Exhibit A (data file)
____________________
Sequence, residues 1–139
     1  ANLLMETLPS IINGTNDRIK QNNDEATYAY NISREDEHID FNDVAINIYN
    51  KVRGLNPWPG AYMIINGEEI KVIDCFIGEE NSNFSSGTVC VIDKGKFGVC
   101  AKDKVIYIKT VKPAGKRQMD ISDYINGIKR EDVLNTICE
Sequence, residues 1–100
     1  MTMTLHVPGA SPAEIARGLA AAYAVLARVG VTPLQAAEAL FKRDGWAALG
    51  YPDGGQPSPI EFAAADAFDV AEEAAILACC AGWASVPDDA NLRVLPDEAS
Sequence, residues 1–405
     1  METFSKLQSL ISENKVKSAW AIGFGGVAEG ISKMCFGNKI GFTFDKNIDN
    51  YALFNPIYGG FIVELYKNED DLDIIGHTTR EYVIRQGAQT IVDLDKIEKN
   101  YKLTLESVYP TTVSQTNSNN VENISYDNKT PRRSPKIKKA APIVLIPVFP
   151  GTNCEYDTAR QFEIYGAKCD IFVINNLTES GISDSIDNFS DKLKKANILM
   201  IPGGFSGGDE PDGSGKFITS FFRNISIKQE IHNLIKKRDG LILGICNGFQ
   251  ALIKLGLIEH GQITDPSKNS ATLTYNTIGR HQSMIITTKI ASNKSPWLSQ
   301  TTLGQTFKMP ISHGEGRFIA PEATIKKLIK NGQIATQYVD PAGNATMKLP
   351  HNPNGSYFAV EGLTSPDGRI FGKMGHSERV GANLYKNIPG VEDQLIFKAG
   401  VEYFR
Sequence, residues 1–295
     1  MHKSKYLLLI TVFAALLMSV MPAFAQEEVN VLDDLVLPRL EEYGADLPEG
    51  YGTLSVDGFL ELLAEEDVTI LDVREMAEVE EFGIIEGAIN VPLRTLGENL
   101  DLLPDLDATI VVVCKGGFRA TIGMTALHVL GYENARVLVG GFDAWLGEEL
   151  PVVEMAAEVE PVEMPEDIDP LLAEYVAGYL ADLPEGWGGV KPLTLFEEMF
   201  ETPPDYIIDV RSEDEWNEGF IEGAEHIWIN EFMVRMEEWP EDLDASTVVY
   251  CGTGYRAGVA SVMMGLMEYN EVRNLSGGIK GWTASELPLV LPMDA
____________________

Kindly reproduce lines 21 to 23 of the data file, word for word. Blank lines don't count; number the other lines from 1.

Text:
   101  DLLPDLDATI VVVCKGGFRA TIGMTALHVL GYENARVLVG GFDAWLGEEL
   151  PVVEMAAEVE PVEMPEDIDP LLAEYVAGYL ADLPEGWGGV KPLTLFEEMF
   201  ETPPDYIIDV RSEDEWNEGF IEGAEHIWIN EFMVRMEEWP EDLDASTVVY